Ten Questions

Twyla Tharp’s The Creative Habit presents a series of questions to help creatives dig into their life story.

I invite you to post your answers to these ten questions. Link back here so I can follow along and read your stories. Here is mine.

1.  What is the first creative moment you remember?  Singing Linda Ronstadt in front of our television set at four years old. I stood there in my red fiesta dress with Linda’s image behind me, singing songs I barely understood. I wanted my small body to be filled up with all that sound that came barreling out of her. More than anything, I wished for a voice that powerful.

2.  What is the best idea you’ve ever had? What made it great in your mind? Trade glamour and perfection for independence and reality. It was hard to confront my life head-on without any illusions, but I had to give up this “perfect face” I was presenting to the world and start figuring out what I wanted. I hit a wall on the path I was on and could keep banging my head against it or find another way, even if that was terrifying.

3.  What is the dumbest idea? That I needed to please everyone and fit in with my surroundings.

4.  What is your creative ambition? To write down truths that make people feel connected and help them change for the good.

5.  What are the vital steps to achieving this ambition? I must keep creating content, stick to what I know, and keep putting it out there.

6.  Describe your first successful creative act. Barbara Moreno (my fifth grade teacher) believed everyday was a good day for creative writing. When I showed her my poem about a penguin she said, “You’re a writer.” It was a descriptive poem of a slippery bird in a desolation of tundra. I was enraptured in my vision, intent on summoning the perfect words to describe the ice, the muted sky, the quality of air. I had traveled to a place that was all my own, even if it was all in my head.

7.  Describe your second successful act. How does it compare to the first? An essay regarding “The United States’ Approach on Infectious Disease in Developing Nations.” I won a national prize and they flew me to NYC to participate in the Model UN. My first successful act was very insular. This was nearly the opposite. I wrote draft after draft, incorporating ideas that strengthened my position, and scrapping what didn’t. I always had the reader in mind. I was looking out at the world and attempting to affect it.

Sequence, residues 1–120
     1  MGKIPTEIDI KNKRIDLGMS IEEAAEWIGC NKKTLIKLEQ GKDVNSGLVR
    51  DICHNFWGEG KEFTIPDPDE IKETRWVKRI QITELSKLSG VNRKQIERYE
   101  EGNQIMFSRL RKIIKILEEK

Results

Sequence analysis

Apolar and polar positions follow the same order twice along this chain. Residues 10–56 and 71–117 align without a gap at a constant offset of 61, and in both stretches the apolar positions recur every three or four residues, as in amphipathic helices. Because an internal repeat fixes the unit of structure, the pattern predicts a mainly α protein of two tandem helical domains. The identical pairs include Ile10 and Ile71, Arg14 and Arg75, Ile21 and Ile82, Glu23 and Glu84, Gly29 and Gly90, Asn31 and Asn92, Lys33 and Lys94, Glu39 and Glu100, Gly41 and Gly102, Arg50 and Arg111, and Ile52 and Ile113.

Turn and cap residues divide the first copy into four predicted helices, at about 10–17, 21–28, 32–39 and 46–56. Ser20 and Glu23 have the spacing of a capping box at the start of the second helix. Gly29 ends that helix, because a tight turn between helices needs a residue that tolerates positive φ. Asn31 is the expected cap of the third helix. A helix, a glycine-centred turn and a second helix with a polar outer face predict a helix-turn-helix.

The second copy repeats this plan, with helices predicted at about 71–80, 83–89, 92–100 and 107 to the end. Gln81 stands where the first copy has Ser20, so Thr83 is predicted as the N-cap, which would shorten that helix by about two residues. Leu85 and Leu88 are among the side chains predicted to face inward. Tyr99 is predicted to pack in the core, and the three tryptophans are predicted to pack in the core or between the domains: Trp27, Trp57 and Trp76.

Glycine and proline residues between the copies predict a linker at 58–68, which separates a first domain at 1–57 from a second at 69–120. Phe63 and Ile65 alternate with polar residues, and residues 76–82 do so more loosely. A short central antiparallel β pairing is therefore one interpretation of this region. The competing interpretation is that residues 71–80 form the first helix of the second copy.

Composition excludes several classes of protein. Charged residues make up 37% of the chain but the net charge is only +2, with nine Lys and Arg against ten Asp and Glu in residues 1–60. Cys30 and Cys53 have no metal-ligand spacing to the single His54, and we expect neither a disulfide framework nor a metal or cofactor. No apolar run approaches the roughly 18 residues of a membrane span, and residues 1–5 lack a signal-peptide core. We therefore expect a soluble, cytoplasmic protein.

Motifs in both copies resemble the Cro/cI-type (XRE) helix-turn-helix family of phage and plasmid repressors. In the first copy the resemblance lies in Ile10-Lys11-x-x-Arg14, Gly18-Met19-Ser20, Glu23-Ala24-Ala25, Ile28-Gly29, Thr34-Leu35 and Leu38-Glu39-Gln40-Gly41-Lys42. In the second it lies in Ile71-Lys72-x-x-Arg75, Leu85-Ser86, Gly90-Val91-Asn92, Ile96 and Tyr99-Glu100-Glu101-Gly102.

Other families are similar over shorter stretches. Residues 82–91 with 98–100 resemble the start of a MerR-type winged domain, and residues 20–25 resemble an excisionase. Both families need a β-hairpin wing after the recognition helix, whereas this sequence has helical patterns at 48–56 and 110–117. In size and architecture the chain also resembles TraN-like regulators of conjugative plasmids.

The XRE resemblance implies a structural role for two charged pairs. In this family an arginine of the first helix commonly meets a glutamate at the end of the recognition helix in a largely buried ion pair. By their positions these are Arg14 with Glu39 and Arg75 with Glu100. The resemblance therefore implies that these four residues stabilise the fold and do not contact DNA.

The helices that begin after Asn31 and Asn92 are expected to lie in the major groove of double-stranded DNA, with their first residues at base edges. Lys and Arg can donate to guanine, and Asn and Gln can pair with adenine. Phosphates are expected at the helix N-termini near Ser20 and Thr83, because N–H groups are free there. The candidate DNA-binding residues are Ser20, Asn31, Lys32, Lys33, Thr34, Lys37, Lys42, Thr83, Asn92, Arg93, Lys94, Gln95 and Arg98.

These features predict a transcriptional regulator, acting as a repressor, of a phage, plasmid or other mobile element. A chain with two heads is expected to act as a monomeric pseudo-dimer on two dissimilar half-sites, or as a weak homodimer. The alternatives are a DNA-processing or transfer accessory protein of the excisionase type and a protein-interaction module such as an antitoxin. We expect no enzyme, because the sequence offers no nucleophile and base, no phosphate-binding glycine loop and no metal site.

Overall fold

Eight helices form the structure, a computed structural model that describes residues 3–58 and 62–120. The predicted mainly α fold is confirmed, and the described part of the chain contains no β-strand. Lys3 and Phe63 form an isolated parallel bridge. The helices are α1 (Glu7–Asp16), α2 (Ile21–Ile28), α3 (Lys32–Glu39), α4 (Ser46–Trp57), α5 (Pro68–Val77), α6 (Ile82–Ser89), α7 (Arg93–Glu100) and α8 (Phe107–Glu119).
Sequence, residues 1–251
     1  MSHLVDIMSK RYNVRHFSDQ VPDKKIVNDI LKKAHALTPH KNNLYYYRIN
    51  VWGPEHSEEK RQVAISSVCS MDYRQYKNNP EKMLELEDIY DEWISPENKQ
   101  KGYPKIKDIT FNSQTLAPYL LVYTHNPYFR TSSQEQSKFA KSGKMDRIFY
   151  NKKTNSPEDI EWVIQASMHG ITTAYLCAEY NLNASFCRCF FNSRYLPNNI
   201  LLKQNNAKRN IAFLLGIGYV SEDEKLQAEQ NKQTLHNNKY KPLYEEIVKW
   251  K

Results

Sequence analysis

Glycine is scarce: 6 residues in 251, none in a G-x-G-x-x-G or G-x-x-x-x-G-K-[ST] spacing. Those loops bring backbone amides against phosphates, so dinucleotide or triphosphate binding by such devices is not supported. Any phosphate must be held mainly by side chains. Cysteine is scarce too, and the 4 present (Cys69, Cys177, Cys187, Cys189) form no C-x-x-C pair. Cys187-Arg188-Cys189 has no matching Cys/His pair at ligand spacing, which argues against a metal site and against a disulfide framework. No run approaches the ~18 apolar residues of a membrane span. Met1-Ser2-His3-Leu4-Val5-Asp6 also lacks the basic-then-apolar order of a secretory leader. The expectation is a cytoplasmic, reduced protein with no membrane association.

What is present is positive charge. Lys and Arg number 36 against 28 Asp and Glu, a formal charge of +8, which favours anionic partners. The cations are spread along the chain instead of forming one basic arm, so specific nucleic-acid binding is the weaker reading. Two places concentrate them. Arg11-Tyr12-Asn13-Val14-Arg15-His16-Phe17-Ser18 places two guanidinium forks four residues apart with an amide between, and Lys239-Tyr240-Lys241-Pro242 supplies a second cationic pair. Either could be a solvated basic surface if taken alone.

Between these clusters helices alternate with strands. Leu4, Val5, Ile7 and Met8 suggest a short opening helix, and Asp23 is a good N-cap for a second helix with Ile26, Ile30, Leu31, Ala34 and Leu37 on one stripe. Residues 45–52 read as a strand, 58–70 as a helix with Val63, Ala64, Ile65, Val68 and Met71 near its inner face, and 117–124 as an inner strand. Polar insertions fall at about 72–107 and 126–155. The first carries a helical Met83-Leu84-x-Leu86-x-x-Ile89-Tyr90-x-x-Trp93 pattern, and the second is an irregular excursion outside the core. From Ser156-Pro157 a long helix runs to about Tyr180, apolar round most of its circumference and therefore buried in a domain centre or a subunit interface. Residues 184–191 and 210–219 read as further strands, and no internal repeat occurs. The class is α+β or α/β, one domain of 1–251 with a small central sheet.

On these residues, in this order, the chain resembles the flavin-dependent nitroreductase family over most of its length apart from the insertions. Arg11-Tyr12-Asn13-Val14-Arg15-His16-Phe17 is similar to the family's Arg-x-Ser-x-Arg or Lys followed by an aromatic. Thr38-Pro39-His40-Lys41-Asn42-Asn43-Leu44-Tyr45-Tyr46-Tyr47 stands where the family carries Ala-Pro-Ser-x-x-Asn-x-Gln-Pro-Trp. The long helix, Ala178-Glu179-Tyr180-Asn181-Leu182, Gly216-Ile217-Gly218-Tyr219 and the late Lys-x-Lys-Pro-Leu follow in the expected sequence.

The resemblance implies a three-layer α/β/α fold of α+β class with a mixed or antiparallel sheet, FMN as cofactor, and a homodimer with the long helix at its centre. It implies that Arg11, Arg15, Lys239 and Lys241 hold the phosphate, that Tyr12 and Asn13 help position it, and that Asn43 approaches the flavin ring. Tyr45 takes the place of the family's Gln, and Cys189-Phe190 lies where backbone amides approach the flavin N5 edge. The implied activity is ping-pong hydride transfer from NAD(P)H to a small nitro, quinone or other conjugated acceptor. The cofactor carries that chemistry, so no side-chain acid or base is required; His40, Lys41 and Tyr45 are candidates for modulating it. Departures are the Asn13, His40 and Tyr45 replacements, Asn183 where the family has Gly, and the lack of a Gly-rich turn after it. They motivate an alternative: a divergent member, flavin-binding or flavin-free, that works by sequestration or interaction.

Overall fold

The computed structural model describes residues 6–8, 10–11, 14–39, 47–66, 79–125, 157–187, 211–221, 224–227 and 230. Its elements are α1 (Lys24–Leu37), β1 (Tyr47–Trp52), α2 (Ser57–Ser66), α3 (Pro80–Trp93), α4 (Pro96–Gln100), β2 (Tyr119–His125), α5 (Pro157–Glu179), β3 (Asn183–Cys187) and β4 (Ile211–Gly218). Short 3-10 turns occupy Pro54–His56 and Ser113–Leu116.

8.  Which artists do you admire most and why? What do you have in common? Hemingway, Steinbeck, Lorrie Moore, Sam Shepard, Anne Enright. I like clear, no-frills writing. It is courageous to tell it like it really is. To not hide behind flowery and frivolous language because your eyes aren’t open and you have nothing to say. These writers understand how to get out of their own way so their stories shine. Like them, I try to write from a place of truth. Capturing the reality and at the same time recognizing there is something greater, the possibilities of what is not visible.

9.  What is your greatest fear? Mediocrity.

10.  What is your idea of mastery? Breaking through pure skill. Transforming/transcending the boundaries of your chosen medium. To make the work alive and timeless, powerful enough to move people on its own.

Note:  This is an excerpt and some of the questions have been combined for brevity. Find the complete list here.


  1. Hey Maryn,

    Here are my responses as promised. This was a tough exercise that really got me to think.
    What is the first creative moment you remember?
    It may have been in Kindergarten, I brought home art made out of a paper bag and my aunts and uncle responded so positively. At the time, I was the only child in a house full of 7 adults in their mid twenties or so.

    What is the best idea you’ve ever had?
    I can’t say, because I am still working on it and I believe in allowing things to the time to be what they are meant to be.
    What made it great in your mind? How effortless it was when it came to me.

    What is the dumbest idea?
    Comparing myself to others. I recently learned from a wise person that comparisons are meaningless and also because no one is exempt from life’s vicissitudes! I also realized that my experience is unique to myself.

    What is your creative ambition?
    To learn the totality of the truth of who I am because only then, can I be useful to the world.

    What are the vital steps in achieving this ambition?
    First I must find my center and then create work whose main objective is creative expression and joy!

    Describe your first successful creative act?
    I actually wrote a novel when I was 15 but then lost the manuscript during a move.

    Describe your second successful creative act.
    There are many but the one that comes to mind at the moment is when I began a summer teen publication in my high school that was distributed in local libraries.
    How does it compare to the first? It is a sign that I am meant to write and create editorials.

    Which artists do you admire most and why? Hmm, I’d have to say Erykah Badu What do you have in common? Being creative on various fronts but in my own way.